Getting Scared of Biking in Long Beach Now

I have not been biking much these days;  I do it when I can.  Back when I began blogging on this here platform, I was on the bike and Metro almost everyday from the Valley to Long Beach.

I live in Compton now, and my biking range goes all the way to downtown LA, though it's been a while since I've done a ride.  I do not bike as much in Long Beach.

The days of biking are gone for the time being, mostly because of a job.

But even when I get on a bike, I'm not as freewheeling as I used to be.

Maybe I'm getting socialized into fear. 

Maybe I'm getting older.

Maybe I've gotten too sensitive to the stories I occasionally read on BikinginLA.  Stories of
fallen bicyclists and pedestrians, whose names occasionally whir in and out of local news with little fanfare or visible outrage.

Maybe I've lost too much trust in drivers and the social fabrics.   I've read too many stories about bikers in LA on sites like LA Weekly and KPCC, and people not on bikes largely remain brazen and entitled to their cars and retain a largely accusatory attitude towards bicyclists as if there are no bicyclists who drive.

Maybe I've gotten too sensitive to the numbers.  Recently, the Governors Highway Association found that California leads the nation in bicycle deaths.

I know that there is a small chance, a 1 in 4919 chance of getting hit and being killed on a bicycle, which is actually a much smaller chance than dying from a motor vehicle accident.  Death on a bicycle is the 17th most common way to die according to Medline.  Motor vehicle accidents are 8th.  Not that I would rather die by car in car, but at least there are some safety features that might be able to protect me, whereas if I am hit by a car, it's my body exposed and hopefully the damage is minimal.

All this worrying has gotten to me.

I'm ALWAYS looking over my shoulder nowadays, sometimes even when there is a bike lane.

For the first time in my adult biking career last week, I biked a route more on the sidewalk than on the actual street.  Even in the vaunted "most bike-friendly city" in the nation.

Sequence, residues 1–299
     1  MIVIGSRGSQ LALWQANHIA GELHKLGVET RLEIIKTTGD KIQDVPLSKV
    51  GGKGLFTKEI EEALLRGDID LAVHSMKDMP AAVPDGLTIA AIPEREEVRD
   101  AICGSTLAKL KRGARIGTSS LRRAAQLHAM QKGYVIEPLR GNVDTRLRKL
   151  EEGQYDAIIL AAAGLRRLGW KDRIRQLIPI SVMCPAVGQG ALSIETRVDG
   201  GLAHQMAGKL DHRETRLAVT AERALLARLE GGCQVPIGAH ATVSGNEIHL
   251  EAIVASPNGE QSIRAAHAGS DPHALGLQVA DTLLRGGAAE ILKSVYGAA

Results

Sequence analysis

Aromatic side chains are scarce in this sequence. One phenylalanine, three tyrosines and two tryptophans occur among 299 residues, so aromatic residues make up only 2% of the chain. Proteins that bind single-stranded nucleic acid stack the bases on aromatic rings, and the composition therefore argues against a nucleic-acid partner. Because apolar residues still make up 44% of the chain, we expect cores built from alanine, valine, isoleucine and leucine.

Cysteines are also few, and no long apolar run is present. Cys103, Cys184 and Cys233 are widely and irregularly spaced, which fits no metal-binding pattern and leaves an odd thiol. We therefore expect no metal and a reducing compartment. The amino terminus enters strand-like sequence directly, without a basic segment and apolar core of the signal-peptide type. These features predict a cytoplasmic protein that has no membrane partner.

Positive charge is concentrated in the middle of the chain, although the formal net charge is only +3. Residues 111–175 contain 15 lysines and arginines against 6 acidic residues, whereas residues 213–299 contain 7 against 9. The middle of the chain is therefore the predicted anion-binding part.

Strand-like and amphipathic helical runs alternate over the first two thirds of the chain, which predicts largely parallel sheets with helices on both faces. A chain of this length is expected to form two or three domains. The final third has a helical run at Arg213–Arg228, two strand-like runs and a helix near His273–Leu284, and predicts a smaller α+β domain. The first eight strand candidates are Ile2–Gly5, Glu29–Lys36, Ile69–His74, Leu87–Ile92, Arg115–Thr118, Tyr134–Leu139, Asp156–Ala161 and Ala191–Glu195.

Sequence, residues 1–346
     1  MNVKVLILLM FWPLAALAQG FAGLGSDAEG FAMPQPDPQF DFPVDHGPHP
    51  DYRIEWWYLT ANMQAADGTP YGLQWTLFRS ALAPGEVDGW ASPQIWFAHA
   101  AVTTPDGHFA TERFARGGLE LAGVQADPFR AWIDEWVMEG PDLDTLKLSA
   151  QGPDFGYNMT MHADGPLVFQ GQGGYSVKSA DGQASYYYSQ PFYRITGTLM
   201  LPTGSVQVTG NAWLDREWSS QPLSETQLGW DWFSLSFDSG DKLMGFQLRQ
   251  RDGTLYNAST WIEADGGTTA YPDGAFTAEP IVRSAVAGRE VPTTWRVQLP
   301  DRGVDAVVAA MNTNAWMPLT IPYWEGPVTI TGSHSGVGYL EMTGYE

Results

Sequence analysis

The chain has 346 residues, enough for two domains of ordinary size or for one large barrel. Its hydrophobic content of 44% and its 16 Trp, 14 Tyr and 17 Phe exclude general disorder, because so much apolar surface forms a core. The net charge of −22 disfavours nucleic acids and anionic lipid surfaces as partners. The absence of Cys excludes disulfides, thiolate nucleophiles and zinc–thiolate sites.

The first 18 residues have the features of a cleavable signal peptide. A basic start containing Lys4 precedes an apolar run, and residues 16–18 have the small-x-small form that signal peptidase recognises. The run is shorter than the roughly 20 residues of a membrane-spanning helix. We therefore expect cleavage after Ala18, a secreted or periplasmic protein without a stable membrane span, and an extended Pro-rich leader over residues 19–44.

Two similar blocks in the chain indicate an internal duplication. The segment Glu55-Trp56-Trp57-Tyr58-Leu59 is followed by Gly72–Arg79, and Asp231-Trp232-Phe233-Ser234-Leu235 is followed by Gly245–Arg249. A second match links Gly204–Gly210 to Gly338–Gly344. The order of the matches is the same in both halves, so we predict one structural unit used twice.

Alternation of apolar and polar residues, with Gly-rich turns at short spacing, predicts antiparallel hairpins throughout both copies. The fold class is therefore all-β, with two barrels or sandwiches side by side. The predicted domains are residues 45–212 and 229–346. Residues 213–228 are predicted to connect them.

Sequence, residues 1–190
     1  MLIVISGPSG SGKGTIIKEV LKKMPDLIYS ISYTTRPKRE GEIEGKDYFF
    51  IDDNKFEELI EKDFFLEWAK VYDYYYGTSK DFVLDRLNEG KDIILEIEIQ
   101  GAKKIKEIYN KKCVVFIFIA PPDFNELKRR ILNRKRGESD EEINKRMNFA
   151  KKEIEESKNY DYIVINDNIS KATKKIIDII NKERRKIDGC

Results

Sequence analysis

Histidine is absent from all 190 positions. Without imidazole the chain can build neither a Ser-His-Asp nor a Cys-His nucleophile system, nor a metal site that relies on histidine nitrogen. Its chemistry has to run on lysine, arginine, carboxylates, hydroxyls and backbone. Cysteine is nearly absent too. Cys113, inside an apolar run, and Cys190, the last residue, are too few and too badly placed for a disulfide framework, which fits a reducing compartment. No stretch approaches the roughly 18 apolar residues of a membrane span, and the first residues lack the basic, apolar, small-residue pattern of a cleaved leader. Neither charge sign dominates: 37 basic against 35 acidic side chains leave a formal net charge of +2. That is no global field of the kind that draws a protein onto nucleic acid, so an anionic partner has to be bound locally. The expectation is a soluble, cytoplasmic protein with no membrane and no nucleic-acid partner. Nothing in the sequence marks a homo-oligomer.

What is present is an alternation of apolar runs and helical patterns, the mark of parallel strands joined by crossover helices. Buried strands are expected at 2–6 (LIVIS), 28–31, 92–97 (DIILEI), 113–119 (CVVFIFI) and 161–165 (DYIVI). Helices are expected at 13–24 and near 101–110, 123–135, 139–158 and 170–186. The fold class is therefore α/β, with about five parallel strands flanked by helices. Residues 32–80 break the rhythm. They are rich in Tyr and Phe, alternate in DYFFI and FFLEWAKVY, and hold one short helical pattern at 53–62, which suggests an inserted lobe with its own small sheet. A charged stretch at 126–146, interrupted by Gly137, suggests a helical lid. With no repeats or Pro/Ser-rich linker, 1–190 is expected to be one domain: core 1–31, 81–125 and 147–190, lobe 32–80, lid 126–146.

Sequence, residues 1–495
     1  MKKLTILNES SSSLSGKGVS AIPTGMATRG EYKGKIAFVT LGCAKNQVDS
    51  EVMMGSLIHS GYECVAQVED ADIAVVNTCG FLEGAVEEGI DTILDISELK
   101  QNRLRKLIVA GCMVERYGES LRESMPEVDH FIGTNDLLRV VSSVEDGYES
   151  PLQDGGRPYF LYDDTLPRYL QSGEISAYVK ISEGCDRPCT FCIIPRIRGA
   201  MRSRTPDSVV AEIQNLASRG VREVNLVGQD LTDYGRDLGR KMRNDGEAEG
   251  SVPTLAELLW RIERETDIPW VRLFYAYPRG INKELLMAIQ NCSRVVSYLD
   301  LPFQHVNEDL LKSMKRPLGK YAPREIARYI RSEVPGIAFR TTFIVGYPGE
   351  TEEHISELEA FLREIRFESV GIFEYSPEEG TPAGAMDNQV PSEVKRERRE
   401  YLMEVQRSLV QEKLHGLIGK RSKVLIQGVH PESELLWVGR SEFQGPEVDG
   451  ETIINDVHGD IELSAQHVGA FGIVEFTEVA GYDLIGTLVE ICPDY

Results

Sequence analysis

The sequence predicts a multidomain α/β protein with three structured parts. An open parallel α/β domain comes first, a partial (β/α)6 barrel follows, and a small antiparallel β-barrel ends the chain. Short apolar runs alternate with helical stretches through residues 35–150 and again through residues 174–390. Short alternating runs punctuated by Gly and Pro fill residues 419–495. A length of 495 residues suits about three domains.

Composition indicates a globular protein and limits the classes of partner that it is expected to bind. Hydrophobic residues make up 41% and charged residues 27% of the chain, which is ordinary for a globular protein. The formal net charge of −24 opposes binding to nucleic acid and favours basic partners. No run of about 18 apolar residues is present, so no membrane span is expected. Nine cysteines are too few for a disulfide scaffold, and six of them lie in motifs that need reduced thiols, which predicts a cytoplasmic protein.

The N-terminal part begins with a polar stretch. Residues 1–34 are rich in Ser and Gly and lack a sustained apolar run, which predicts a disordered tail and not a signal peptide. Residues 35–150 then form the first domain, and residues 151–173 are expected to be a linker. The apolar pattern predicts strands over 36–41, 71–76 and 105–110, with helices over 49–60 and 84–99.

The streets that got me shook?  A couple east-west streets.  It would be no big deal for most veteran bicyclists, but if I'm riding it, there are probably lots of people who are also not, and are probably sidewalking it.
  • 7th Street on the way to CSULB, which is bad as a morphs into a 3-lane speedway on the way to the 22 East freeway.
  •  Willow on Signal Hill, which has 3 lanes, an uphill, and a 40 MPH speed limit

How News Media Fosters De-Humanization: A Case Study

First, I genuinely wish the families of Lexi and Lexandra Perez and Andrea Gonzalez prayers, good vibes, and karmic good.  

Rest in peace Lexi, Lexandra, and Andrea. 

I also wish for the same for the man who ran them over and his family.  Most would be understandably mad at him not only for killing, but for also fleeing. 

When these things happen, everyone loses.

Here's to hoping for an evolution into safer streets for everyone.

* * *
It was only a matter of time before they located a driver suspected of killed these three trick-or-treating teenagers in Santa Ana.

While it's good news, I was pretty irked by OC Weekly's coverage of this finding.

I wouldn't doubt any of the claims that OC Weekly is making, but it's their emphases that bother me.  Which emphases?  The ones that do more than identify but also further brand this individual as nothing more than guilty criminal before any investigation or trial has been set. 

As someone interested in Linguistic Anthropology, I always wonder how reporters use words to describe their understanding of a situation.  I definitely believe that their own background influences how they see and ultimately represent the background of a victim or an accused criminal.

I tend to think that media, most of whom are white, would be quicker to label a lower-class black guy with a more crystallized "criminal" branding than they are a lower-class white guy.  Possibly out of intent, more likely out of habit.

The basis of the article is the accused and his "long rap sheet." I must admit that I was a little curious as to who he was.  The OC Weekly dug that up, but they only trotted out his criminal record;  who really was he outside of this criminal record?  We don't know anything about his mom, or the two people he was with.  Why would they let him drive?  We don't get that idea whatsoever, and are not really exposed to any other complexity of his life other than the part of his history that notes his criminality.  

The OC Weekly's emphasis on his "rap sheet" only serves to crystallize and make it seem like what he did was ultimately of a permanent, intentional mindset.  I'm not sure why they decided to make his criminal record a "thing of interest," and focus of an article, rather than as simple background and part of a tragic story.  Though I am referencing a different article in a different city with a different writer, when Nathan Louis Campbell apparently rampaged and ran over those pedestrians with his Dodge Avenger at the Venice boardwalk last August and killed the honeymooning Alice Gruppioni from Italy, even he was not saddled with the broad brush of a menacing "rap sheet", he was simply "once locked up for shoplifting" though the article makes mention of another incident.